And she read a statement from Noelle Cockett, the president of Utah State University, which said: “I’ll need to put on my running shoes to keep up with President Watkins.”

Sitting there, too, was Jerilyn McIntyre, who served as the U.’s interim president twice but never formally held the title. Watkins called her out with thanks and appreciation.

The audience hollered and continued louder still when Gardner, the 10th president of the U. and now president emeritus of the University of California, added, “The passage of time going forth will take little account of President Watkins’ gender but will focus almost entirely on her accomplishments and contributions.”

Watkins plans to add more diversity to the school’s staff (currently, 74 percent are white). She intends to support researchers to do more groundbreaking work in science and health. She wants to continue expanding campus and updating buildings (19 percent are considered in need of serious repair or replacement). She believes the school and its students can solve “some of the most pressing problems of our time.”

During the hourlong program, speakers described Watkins as warm and compassionate, dedicated and personable, hardworking and energetic. David Buhler, commissioner of the Utah System of Higher Education, said she was the “exceptionally clear choice for the job.”

He described an article about the characteristics of the ideal university president: Flexible, willing to do things differently, focused on sustainability and able to communicate effectively. The story, he said, might as well have had Watkins’ picture as an example.

As Watkins walked down to her inauguration at Kingsbury Hall — where a line of waiting people wrapped around the building — from her office at the top of Presidents Circle, she was swarmed by friends and faculty who wanted to greet her, hug her and shake her hand. Most were dressed in the school’s signature bright red, with blazers and dresses and ties all in the color.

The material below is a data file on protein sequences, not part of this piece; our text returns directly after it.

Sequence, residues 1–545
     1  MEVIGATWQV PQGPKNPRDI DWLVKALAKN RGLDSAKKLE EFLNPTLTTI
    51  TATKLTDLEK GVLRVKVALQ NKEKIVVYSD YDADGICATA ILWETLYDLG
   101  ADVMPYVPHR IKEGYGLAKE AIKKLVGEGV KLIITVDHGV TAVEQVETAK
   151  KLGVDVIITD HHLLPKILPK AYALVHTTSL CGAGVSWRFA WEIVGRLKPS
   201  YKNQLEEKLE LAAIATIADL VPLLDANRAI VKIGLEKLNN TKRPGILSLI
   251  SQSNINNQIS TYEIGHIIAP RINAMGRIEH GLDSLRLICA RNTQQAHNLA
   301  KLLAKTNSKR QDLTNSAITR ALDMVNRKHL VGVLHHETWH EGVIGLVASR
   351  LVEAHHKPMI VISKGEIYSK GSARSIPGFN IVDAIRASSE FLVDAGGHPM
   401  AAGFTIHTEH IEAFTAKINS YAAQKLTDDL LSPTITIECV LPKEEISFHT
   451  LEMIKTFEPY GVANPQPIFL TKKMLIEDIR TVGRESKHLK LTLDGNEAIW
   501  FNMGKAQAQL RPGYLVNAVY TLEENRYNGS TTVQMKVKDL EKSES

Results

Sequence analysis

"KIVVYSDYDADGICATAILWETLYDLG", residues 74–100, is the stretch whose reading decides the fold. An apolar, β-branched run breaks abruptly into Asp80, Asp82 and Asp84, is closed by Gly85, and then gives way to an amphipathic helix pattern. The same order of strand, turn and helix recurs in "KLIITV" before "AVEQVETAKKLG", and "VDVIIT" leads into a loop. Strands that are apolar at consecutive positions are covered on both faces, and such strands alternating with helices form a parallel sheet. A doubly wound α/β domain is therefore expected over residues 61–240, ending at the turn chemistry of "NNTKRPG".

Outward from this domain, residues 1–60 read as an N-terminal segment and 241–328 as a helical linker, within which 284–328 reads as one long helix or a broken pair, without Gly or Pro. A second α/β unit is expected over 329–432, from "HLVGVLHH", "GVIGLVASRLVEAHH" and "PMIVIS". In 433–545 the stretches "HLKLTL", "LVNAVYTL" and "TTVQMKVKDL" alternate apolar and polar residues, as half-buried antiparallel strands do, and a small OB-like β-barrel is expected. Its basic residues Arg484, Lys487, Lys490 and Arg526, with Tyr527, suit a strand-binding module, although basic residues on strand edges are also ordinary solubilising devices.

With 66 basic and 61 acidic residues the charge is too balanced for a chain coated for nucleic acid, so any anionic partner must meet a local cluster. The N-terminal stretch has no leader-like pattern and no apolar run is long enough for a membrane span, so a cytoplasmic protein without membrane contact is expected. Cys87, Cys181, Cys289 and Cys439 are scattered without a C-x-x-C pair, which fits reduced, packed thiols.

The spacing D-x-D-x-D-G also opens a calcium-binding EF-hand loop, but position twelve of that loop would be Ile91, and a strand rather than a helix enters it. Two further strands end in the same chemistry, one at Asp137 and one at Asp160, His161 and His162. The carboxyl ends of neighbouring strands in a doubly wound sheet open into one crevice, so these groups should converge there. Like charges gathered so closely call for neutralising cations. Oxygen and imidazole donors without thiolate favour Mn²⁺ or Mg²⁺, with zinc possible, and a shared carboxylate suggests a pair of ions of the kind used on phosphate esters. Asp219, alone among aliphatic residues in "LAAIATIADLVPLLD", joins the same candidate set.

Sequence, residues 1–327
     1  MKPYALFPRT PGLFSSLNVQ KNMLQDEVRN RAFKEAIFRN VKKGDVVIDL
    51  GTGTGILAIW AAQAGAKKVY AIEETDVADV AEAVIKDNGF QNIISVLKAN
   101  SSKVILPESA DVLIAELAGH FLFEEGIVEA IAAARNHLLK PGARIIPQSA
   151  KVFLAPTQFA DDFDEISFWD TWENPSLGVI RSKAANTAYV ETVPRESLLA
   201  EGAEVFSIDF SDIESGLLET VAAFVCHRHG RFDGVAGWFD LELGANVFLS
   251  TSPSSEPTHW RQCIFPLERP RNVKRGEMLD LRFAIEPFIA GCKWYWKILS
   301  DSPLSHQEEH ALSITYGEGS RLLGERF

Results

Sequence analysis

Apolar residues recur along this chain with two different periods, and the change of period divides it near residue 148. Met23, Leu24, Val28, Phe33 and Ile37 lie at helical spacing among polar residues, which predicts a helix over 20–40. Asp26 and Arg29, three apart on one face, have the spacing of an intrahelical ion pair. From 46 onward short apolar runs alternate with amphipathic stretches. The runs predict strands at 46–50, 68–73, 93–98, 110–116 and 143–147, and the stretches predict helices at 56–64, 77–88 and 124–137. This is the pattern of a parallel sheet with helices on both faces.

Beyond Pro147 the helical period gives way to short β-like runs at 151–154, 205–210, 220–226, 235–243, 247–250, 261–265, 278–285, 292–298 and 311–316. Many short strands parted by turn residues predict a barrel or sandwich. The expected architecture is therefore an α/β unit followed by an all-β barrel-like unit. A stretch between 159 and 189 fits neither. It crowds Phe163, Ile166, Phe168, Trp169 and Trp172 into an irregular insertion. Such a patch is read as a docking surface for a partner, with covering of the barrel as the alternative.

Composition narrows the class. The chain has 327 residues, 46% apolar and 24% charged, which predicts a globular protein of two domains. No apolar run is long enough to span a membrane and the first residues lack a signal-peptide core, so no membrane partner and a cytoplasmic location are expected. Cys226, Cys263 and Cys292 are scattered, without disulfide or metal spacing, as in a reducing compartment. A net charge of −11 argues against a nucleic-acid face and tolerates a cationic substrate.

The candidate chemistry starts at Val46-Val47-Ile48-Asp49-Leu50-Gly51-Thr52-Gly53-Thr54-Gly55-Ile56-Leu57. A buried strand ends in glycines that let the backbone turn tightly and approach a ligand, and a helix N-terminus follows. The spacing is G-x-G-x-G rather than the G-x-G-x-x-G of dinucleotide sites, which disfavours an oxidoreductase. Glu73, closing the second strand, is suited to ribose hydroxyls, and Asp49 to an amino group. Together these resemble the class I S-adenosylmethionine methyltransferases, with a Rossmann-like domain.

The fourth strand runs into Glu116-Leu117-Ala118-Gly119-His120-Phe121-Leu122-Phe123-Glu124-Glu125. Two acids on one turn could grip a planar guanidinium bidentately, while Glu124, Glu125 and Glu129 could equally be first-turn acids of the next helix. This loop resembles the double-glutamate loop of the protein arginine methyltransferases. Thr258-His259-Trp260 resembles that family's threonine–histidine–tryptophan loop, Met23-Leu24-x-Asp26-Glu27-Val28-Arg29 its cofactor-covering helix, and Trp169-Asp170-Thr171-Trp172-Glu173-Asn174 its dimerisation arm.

Jill Stephenson, an academic advisor in the Division of Public Health, wore one of the “Madame President” shirts. She completed her master’s degree in public administration in December and did her research project on women in leadership roles at the U. A month later, Watkins was chosen to lead the university.

“It was life-changing,” Stephenson said. She got there at 2 p.m., an hour before the event started, and was No. 6 in line to see Watkins speak.

Harris Simmons, chair of the Utah Board of Regents, which voted unanimously in January for Watkins to lead the school, presented her with her presidential medallion and a pillow that said “A Utah Woman Am I,” a play on the school’s fight song. Its lyrics said “A Utah Man Am I” before it was changed in 2014 to man/fan, to be more inclusive.

“I recognize how deeply fortunate I am to be leading the U. at this moment in its history," Watkins said.

Watkins, who started in the post in April, described how she wants the university to be of Utah and for Utah. She succeeds David Pershing, who stepped down last year after upheaval and controversy involving the Huntsman Cancer Institute. He had served in the position since 2012 and has returned as a faculty member.

Watkins moved up from her post as the senior vice president for academic affairs. She came to the U. in 2013 from the University of Illinois at Urbana-Champaign and holds several degrees in the field of child language and speech pathology from schools in the Midwest.

Watkins will lead a university where women are the minority in both students — 47 percent — and staff — 34 percent. In her speech, she acknowledged the past 15 presidents with a nod to their accomplishments but a promise to improve on representation.

“It is a tribute to each of my predecessors’ vision and leadership that I take over a university that has never been stronger,” she said. “And yet, there is so much more we can do.”